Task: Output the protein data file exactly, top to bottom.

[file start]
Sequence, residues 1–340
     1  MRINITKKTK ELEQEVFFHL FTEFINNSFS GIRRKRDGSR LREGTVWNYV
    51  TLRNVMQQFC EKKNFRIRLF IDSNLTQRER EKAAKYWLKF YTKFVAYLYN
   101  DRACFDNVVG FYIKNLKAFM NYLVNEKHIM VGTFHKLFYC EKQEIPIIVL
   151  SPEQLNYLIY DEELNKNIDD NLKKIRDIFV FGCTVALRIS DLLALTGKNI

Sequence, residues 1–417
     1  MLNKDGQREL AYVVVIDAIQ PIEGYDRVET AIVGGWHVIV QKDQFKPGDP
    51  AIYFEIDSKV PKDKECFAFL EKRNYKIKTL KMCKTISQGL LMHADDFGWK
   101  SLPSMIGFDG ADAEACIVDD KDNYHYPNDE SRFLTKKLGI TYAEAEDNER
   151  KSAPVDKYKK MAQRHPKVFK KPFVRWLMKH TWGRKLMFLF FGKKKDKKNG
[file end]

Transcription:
Sequence, residues 1–340
     1  MRINITKKTK ELEQEVFFHL FTEFINNSFS GIRRKRDGSR LREGTVWNYV
    51  TLRNVMQQFC EKKNFRIRLF IDSNLTQRER EKAAKYWLKF YTKFVAYLYN
   101  DRACFDNVVG FYIKNLKAFM NYLVNEKHIM VGTFHKLFYC EKQEIPIIVL
   151  SPEQLNYLIY DEELNKNIDD NLKKIRDIFV FGCTVALRIS DLLALTGKNI

Sequence, residues 1–417
     1  MLNKDGQREL AYVVVIDAIQ PIEGYDRVET AIVGGWHVIV QKDQFKPGDP
    51  AIYFEIDSKV PKDKECFAFL EKRNYKIKTL KMCKTISQGL LMHADDFGWK
   101  SLPSMIGFDG ADAEACIVDD KDNYHYPNDE SRFLTKKLGI TYAEAEDNER
   151  KSAPVDKYKK MAQRHPKVFK KPFVRWLMKH TWGRKLMFLF FGKKKDKKNG